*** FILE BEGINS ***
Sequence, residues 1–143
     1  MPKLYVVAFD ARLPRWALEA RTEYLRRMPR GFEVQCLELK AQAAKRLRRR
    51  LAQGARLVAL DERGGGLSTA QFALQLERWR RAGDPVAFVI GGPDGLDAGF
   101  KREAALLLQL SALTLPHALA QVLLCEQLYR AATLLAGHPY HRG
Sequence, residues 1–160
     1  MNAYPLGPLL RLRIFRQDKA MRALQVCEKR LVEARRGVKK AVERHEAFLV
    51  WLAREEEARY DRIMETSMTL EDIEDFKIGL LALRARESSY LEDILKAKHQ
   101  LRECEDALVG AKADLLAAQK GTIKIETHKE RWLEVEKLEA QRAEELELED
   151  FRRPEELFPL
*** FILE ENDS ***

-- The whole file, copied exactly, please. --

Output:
Sequence, residues 1–143
     1  MPKLYVVAFD ARLPRWALEA RTEYLRRMPR GFEVQCLELK AQAAKRLRRR
    51  LAQGARLVAL DERGGGLSTA QFALQLERWR RAGDPVAFVI GGPDGLDAGF
   101  KREAALLLQL SALTLPHALA QVLLCEQLYR AATLLAGHPY HRG
Sequence, residues 1–160
     1  MNAYPLGPLL RLRIFRQDKA MRALQVCEKR LVEARRGVKK AVERHEAFLV
    51  WLAREEEARY DRIMETSMTL EDIEDFKIGL LALRARESSY LEDILKAKHQ
   101  LRECEDALVG AKADLLAAQK GTIKIETHKE RWLEVEKLEA QRAEELELED
   151  FRRPEELFPL